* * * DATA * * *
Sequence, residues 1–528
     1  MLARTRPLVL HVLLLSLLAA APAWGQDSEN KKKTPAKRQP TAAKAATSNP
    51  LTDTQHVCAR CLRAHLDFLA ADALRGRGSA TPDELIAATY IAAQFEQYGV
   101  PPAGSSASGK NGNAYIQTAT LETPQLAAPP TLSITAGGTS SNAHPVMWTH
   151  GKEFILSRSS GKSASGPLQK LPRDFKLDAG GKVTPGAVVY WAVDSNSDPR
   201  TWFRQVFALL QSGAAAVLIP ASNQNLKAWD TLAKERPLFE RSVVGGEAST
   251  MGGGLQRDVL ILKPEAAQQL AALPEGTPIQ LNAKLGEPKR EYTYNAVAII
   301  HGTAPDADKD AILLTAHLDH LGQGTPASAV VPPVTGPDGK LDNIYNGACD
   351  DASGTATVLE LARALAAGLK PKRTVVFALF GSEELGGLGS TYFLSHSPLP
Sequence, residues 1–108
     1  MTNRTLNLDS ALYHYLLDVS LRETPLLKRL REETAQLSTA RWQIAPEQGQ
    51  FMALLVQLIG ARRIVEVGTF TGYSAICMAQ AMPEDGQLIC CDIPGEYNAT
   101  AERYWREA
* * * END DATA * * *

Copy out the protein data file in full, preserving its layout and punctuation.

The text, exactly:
Sequence, residues 1–528
     1  MLARTRPLVL HVLLLSLLAA APAWGQDSEN KKKTPAKRQP TAAKAATSNP
    51  LTDTQHVCAR CLRAHLDFLA ADALRGRGSA TPDELIAATY IAAQFEQYGV
   101  PPAGSSASGK NGNAYIQTAT LETPQLAAPP TLSITAGGTS SNAHPVMWTH
   151  GKEFILSRSS GKSASGPLQK LPRDFKLDAG GKVTPGAVVY WAVDSNSDPR
   201  TWFRQVFALL QSGAAAVLIP ASNQNLKAWD TLAKERPLFE RSVVGGEAST
   251  MGGGLQRDVL ILKPEAAQQL AALPEGTPIQ LNAKLGEPKR EYTYNAVAII
   301  HGTAPDADKD AILLTAHLDH LGQGTPASAV VPPVTGPDGK LDNIYNGACD
   351  DASGTATVLE LARALAAGLK PKRTVVFALF GSEELGGLGS TYFLSHSPLP
Sequence, residues 1–108
     1  MTNRTLNLDS ALYHYLLDVS LRETPLLKRL REETAQLSTA RWQIAPEQGQ
    51  FMALLVQLIG ARRIVEVGTF TGYSAICMAQ AMPEDGQLIC CDIPGEYNAT
   101  AERYWREA